Bill C-20, An Act respecting further COVID-19 measures, received Royal Assent on July 27, 2020. Please see our previously published article summarizing notable changes to the Canada Emergency Wage Subsidy program here.
On July 17, 2020, the federal government announced that it would extend the Canada Emergency Wage Subsidy program (“CEWS”) until December of 2020, and proposed several significant changes that will, among other things, allow more employers to access subsidies.
On July 20, 2020, the federal government introduced Bill C-20, An Act respecting further COVID-19 measures, to extend and adapt the CEWS program. On July 21, 2020, Bill C-20 received its third reading, and is expected to receive royal assent very soon. If passed, Bill C-20 will retroactively impact the CEWS program, generally commencing with the fifth qualifying period which commenced on July 5, 2020 (subject to a “safe harbour” discussed below).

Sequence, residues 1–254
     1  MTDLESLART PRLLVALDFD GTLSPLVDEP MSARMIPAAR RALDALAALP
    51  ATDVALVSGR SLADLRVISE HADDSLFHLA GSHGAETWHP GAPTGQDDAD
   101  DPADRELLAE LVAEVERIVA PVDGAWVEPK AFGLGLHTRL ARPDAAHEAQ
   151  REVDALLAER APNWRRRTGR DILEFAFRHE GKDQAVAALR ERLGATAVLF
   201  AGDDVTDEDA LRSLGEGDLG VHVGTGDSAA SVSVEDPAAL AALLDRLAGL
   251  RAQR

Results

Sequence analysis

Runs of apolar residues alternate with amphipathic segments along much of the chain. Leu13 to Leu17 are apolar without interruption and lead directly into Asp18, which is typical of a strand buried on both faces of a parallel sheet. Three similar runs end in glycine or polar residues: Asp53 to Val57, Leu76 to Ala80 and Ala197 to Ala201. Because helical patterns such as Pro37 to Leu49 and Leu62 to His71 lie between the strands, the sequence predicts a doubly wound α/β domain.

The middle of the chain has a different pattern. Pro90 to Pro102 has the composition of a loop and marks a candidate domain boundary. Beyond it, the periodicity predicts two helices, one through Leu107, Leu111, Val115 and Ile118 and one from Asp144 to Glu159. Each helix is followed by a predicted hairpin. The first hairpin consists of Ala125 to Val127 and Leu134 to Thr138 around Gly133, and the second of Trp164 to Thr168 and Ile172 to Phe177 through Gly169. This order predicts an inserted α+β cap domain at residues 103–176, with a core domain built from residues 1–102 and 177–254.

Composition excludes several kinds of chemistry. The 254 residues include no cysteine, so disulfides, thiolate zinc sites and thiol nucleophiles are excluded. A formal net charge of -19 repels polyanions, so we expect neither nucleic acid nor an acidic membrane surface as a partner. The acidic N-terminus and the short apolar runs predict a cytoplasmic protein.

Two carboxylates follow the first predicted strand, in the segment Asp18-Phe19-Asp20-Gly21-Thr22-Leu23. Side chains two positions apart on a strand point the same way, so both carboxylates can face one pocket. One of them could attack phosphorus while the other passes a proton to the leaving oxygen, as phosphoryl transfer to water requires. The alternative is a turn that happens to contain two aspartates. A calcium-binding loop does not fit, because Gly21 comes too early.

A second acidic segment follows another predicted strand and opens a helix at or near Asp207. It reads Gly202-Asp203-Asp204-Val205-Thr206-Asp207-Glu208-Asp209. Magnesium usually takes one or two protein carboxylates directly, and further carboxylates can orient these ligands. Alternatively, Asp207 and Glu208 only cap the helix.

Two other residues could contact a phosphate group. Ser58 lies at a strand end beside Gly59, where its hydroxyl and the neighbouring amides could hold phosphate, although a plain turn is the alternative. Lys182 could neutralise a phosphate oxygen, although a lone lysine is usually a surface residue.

Continue Reading Federal Government Extends & Amends Canada Emergency Wage Subsidy Program
On April 1, 2020, the Canadian government provided further details about its plan to help Canadian employers by providing a 3-month, 75% wage subsidy, retroactive to March 15, 2020.
Parliament will likely soon be recalled to consider, debate, and pass legislation to create the wage subsidy program. For now, the preliminary plan for the Canada Emergency Wage Subsidy is as follows:
- The subsidy will be 75% of the first $58,700 normally earned by employees, or a maximum benefit of $847 per week, per employee. There is no limit on the amount that employers can claim, although entitlement will be based on the actual wages paid to employees.
- Employers of all sizes will be eligible to participate, provided they meet the remaining criteria. As a result, the program will be available to sole proprietors, taxable corporations, and partnerships. Special rules are expected for employees who do not deal at arm’s length with the employer. Public sector entities will be excluded from the program, but it is unclear if the program will apply to “quasi-public” or “broader public” sector employers who receive a small percentage of funding from the government.